Mrs Hedge explains, “Astonishingly, we find ourselves at the consultation stage when actually what we really needed to be doing was to work collaboratively using coproduction across the system to design what the National Care Service should look like based upon Mr Feeley’s recommendations.”
Community Health and Social Care Boards
Scottish Care reports that the lack of clarity in the consultation has led to confusion regarding the proposed changes to local commissioning of care services. Currently, commissioning is carried out by Integrated Joint Boards (IJBs), which came into being five years ago. However, under the new proposals, IJBs will be replaced by Community Health and Social Care Boards.
Mrs Hedge says, “Many are asking, what are Community Health and Social Care Boards, how will they function, and most importantly, how will they differ from Integrated Joint Boards in their ability to ensure that people get the right services in the right place at the right time? Despite these new boards being mentioned in the National Care Service consultation, there is very little detail explaining what the vision is for these boards. The consultation, for example, doesn’t answer questions as to why Integrated Joint Boards (IJBs) have taken so long to be effective.
She continues, “Fundamentally, if IJBs are to be replaced, the consultation should set out clearly and transparently what the changes are set to achieve and how they will do this. In not doing so, there is a niggling worry that the National Care Service is creating the same service under a different name. The greatest irony, however, is that many of the IJBs, which are set to be replaced, are finally beginning to function well. The learning from these areas is crucial in any future developments and should have been taken account in the proposals outlined in the consultation.”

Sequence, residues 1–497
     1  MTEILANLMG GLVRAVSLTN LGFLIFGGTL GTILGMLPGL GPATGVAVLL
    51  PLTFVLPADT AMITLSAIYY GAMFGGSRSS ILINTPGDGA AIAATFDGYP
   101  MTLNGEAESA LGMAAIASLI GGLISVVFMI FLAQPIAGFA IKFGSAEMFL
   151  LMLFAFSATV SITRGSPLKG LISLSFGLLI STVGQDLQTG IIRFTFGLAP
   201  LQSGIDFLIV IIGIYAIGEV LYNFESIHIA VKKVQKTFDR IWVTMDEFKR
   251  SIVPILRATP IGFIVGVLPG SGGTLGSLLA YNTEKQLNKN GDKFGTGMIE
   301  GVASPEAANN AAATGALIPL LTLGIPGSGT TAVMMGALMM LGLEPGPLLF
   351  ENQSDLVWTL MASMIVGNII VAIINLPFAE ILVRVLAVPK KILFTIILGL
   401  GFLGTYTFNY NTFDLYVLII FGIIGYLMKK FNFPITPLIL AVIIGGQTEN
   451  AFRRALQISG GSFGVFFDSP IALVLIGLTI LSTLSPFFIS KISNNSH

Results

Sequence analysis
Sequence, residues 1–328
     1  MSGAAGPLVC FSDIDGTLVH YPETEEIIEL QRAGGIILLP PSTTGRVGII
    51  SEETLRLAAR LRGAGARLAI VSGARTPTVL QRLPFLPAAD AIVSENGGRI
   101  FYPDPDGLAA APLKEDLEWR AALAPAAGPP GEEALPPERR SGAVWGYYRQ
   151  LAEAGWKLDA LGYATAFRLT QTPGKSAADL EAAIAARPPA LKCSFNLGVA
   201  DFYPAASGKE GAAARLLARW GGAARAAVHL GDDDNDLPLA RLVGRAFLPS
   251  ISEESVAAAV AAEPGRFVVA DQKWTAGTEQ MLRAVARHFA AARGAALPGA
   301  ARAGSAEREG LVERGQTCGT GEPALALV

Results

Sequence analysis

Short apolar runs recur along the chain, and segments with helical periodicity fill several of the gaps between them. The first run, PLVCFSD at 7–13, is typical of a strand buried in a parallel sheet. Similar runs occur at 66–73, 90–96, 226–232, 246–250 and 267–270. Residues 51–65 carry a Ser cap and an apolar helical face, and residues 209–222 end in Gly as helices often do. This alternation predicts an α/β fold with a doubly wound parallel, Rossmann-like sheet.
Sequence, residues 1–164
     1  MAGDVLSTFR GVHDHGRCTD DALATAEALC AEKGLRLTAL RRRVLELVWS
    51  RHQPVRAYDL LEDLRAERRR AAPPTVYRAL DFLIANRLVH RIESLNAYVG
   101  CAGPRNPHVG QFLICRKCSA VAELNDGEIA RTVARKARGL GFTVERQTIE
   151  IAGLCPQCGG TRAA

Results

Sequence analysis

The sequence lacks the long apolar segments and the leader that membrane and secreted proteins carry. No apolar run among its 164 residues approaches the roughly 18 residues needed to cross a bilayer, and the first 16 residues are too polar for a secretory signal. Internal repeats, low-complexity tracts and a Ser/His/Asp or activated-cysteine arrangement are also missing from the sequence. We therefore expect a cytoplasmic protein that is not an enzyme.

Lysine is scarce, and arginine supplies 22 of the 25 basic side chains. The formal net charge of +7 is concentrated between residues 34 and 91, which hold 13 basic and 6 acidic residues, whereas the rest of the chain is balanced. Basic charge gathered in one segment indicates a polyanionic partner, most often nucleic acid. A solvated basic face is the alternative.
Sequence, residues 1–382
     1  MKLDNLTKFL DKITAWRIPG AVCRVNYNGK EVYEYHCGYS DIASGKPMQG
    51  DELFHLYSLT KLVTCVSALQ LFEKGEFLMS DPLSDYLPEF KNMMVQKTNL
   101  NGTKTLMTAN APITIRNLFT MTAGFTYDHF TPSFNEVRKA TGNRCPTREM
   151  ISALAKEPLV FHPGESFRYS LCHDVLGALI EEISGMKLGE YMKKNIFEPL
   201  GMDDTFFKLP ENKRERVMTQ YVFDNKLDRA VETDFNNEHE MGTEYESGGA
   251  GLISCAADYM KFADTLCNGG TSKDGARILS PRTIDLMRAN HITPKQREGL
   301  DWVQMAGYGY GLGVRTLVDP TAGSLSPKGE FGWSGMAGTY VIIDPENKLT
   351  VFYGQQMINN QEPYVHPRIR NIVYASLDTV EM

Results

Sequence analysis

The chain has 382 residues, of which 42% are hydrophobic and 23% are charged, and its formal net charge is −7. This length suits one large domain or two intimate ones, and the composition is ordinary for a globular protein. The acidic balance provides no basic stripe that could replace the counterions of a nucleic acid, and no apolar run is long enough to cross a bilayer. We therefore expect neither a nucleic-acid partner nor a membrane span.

Lived experience vital
It is a view that I share and it also serves as a powerful reminder that the consultation must be driven by people with ‘lived experience’. Essentially, that means staff, who work on the frontlines every day, service users who receive person centred care and their families who see first-hand the profound difference that a package of excellent personalised care makes to their lives.
There is a risk, however, that the National Care Service morphs into a health-led model. To view it through that lens, and not via the prism of people who are receiving person-led care, would be to let a once in a generation opportunity slip through our fingers.
Whatever happens, care services can rest assured that Quality Compliance Systems will support providers and service users through any period of significant change.
To find out more about the QCS or to purchase a subscription, please contact QCS’s team of advisors on 0333-405-3333 or email: [email protected].
The article was first published in The Care Home Professional